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Education for Human Flourishing: A Christian Perspective

Paul D. Spears and Steven R. Loomis
Published by IVP Academic in 2009

“Things fall apart; the centre cannot hold.” W. B. Yeats’ oft-quoted line is useful in capturing any number of problems. When applied to the Christian life, it can suggest that we did not try hard enough to understand how — with Christ at the center — everything can hold together (Colossians 1:17). When applied to education, it can lament the incoherence of the “system” and reveal the absence of a unifying and purposeful center. While the majority of Christians have ignored or accepted the lack of a heuristic center in education, few have been able to articulate effective ways to achieve a vision of education that enables its participants to find true human fulfillment. The result is a fragmenting and incoherence that leaves every arena open to any voice that can overpower or persuade. This book explains how that happens in education and then challenges and equips Christians to do something about it.

This book is part of a larger project that responds to the imperative implicit in Christian faith to recognize Christianity as a knowledge tradition that demands integration into all of life. That larger effort is the “Christian Worldview Integration Series” which promises to promote a strong personal, professional, and conceptual integration of learning and Christian faith. In this, the first volume of the series, Christian faith is held to be a knowledge tradition that is examined dimension by philosophical dimension to show that it can replace what the authors see as dominant philosophical traditions underpinning education today. The authors — philosophers of education at two Christian institutions — acknowledge Christians’ failure to lead in matters educational. While Christians ought to assume leadership responsibilities, lamentably there are no “go-to” Christian scholars in professional education today. As a first step toward fundamental change, this book is “written specifically for emerging practitioners and scholars in the field, upperclassmen and graduate level college students in education degree programs in higher education across the world” (35).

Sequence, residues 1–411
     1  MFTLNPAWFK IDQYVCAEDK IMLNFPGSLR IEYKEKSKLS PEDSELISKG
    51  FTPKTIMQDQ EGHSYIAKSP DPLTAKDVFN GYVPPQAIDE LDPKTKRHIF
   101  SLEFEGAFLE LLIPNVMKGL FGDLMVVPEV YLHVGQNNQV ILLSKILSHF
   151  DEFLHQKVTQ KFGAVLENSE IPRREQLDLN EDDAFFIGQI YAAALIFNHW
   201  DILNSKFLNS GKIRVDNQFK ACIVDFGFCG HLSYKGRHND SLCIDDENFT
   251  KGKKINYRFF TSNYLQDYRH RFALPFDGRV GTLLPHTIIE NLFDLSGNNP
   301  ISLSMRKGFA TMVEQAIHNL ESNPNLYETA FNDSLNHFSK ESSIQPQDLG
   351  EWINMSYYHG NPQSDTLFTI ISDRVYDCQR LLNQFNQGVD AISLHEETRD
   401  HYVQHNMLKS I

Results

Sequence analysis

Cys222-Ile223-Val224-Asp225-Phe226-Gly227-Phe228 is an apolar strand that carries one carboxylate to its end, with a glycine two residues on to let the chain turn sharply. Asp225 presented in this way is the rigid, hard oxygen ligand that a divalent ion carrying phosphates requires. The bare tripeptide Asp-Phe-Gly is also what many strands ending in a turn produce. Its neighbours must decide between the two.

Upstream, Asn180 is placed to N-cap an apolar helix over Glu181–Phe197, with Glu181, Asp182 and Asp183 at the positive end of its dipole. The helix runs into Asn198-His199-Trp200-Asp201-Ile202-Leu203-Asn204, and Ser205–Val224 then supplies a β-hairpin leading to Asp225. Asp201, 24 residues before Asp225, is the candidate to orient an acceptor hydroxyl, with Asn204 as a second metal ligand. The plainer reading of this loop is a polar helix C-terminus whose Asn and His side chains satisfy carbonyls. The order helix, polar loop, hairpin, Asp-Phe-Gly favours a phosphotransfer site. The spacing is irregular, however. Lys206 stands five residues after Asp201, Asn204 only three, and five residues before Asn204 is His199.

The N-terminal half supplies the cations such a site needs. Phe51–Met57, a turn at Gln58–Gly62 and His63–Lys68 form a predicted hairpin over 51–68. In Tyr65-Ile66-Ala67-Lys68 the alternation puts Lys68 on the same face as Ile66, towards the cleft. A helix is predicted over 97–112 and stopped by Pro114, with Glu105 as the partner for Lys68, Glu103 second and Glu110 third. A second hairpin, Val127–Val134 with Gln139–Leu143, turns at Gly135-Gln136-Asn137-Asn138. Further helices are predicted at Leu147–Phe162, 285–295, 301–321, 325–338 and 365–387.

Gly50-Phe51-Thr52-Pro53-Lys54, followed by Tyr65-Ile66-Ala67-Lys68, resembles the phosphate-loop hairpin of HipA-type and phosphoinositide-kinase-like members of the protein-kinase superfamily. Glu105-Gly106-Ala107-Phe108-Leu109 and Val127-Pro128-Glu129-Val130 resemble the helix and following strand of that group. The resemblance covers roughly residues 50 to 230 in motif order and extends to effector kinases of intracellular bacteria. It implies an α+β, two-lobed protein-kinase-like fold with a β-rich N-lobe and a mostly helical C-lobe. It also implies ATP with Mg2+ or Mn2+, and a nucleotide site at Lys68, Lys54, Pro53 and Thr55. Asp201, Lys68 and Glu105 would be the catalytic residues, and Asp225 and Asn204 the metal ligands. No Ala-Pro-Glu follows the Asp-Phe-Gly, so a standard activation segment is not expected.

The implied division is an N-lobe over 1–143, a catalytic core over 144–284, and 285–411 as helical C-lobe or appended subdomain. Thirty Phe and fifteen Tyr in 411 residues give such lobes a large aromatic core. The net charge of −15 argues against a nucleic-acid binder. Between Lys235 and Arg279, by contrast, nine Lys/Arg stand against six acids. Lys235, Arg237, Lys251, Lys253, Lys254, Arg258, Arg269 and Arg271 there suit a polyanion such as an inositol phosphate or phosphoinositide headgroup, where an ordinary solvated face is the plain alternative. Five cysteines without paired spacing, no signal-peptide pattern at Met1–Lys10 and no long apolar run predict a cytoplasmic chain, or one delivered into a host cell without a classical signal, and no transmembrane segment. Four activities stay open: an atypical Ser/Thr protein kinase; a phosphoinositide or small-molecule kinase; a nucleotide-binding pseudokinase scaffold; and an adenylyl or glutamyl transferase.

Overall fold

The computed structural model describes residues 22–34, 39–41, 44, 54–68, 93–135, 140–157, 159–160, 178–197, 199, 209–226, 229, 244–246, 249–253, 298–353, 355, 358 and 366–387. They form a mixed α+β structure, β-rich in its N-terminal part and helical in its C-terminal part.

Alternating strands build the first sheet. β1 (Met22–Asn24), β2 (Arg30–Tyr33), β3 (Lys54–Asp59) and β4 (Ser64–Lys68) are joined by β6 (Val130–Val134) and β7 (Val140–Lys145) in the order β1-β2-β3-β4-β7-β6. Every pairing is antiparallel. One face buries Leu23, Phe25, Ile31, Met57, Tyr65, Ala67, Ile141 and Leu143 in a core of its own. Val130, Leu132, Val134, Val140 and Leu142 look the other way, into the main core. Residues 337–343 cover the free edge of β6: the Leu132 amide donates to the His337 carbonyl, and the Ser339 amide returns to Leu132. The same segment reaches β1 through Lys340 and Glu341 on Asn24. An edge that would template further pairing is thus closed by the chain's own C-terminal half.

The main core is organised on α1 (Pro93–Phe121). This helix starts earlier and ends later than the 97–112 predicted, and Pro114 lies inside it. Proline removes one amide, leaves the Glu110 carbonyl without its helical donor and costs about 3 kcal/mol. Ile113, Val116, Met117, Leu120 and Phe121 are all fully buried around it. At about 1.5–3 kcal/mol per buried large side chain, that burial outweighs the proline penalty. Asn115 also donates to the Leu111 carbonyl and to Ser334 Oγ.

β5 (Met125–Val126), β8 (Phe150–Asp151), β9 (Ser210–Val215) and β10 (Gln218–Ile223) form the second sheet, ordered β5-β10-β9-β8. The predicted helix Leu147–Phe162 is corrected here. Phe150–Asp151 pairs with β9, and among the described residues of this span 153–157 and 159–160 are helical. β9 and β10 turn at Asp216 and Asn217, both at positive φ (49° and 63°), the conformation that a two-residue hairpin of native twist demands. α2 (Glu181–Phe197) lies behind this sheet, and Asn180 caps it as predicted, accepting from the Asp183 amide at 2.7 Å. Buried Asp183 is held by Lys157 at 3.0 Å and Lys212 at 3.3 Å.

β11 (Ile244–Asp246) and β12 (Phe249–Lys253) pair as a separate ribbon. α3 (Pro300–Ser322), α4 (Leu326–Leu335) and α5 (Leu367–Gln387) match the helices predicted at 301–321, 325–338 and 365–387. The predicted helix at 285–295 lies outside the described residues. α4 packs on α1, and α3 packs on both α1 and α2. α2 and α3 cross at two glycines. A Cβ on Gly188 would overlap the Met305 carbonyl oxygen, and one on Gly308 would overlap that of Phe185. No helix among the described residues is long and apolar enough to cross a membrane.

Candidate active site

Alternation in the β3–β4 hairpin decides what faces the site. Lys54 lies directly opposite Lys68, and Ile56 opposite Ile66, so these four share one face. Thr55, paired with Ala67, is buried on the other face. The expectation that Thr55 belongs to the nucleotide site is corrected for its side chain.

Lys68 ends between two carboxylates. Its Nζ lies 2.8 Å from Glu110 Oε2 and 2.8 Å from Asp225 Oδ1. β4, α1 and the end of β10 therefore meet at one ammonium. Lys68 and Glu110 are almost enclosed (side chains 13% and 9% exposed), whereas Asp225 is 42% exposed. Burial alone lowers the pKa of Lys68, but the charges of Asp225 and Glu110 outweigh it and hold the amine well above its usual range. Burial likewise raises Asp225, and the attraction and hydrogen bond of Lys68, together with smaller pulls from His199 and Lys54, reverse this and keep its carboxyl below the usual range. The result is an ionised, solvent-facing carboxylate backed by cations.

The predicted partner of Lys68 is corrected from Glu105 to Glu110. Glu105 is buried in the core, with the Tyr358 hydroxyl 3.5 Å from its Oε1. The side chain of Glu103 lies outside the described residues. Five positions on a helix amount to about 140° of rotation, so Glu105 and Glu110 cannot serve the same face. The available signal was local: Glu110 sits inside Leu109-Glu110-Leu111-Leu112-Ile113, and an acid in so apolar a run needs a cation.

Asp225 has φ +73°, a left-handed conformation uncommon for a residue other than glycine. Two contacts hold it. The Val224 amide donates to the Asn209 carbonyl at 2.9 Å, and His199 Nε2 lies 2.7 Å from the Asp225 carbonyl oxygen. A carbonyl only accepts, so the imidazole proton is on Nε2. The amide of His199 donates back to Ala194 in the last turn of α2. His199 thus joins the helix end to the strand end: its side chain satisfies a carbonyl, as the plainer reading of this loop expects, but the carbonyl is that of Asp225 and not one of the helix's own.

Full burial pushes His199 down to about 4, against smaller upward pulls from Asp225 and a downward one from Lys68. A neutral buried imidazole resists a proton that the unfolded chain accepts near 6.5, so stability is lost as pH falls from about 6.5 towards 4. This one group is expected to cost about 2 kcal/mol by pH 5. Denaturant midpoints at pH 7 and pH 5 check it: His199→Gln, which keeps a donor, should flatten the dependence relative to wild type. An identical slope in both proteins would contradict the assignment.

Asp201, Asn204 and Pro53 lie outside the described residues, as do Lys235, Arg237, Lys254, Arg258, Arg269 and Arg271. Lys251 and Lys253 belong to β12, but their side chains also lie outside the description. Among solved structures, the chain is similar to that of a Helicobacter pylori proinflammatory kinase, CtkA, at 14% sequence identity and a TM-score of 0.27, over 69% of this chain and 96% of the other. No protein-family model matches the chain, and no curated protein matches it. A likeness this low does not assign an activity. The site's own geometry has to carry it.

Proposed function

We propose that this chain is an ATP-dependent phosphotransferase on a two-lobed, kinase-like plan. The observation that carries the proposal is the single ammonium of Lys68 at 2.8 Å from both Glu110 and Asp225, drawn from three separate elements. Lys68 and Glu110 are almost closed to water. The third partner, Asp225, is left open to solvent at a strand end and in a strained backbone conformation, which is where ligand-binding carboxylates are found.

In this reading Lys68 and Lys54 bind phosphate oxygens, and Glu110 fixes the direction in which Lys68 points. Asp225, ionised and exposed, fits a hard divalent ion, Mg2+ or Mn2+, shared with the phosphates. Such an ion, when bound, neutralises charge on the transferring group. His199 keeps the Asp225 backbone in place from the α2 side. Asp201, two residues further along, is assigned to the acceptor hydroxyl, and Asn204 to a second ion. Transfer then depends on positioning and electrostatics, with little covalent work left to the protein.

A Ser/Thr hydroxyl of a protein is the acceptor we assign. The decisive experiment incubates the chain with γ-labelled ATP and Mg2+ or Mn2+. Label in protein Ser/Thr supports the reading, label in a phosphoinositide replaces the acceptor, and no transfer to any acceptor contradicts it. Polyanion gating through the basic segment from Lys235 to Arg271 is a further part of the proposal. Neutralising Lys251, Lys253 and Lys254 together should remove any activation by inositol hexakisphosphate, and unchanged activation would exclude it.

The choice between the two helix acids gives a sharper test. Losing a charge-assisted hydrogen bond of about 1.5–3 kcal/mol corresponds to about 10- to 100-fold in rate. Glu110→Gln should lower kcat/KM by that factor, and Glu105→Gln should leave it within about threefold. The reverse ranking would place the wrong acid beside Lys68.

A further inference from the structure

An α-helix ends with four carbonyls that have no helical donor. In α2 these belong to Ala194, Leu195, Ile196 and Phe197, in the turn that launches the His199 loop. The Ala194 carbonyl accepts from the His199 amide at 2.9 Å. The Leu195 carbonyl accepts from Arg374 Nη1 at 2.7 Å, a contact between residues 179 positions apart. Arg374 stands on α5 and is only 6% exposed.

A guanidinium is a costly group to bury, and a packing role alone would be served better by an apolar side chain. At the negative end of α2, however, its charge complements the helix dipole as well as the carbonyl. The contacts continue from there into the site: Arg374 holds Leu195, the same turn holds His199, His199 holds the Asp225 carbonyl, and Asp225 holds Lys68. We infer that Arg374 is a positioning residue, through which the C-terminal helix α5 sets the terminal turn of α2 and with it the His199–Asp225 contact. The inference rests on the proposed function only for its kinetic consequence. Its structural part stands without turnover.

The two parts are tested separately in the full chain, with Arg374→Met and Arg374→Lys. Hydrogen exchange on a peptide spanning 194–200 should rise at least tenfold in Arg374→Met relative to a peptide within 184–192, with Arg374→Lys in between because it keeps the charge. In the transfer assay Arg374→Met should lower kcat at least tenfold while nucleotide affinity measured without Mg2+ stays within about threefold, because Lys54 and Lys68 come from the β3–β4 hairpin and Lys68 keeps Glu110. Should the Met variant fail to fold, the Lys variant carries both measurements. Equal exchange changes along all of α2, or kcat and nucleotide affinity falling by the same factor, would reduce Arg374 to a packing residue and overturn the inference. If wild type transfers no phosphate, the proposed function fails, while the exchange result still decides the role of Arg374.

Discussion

The contents fall into two equal parts, chapters 1-3 and 4-6. The first section describes and critiques the reigning principles of contemporary education and offers Christian alternatives on each topic (anthropology, ontology, epistemology, and so on). The second half is increasingly practical, focusing on current arrangements that control what can be taught and learned (chapter 4) and the ethical impact on students (chapter 5). The concluding chapter draws the results of the preceding chapters into a programmatic call to action.

Since a central goal of education is to see “human flourishing,” we must be clear about what it means to be human. The classical view of humans as rational beings has been supplanted by a physicalist anthropology which reduces humans to mere physical structures for whom flourishing may be measured by vocational success (the apparent goal of most current education). In order to acquire true knowledge, our rational powers need what only the Christian faith can provide: forgiveness (because sin compromises those rational abilities) and revelation (to complete the wholeness of truth). Instead of allowing popular and secular thought to dominate, Spears and Loomis hold up the lens of Christian anthropology through which humans are seen to consist of body and soul in a dualism that is driven/lured teleologically by the “already perfected future kingdom of God” proleptically realized in Christ.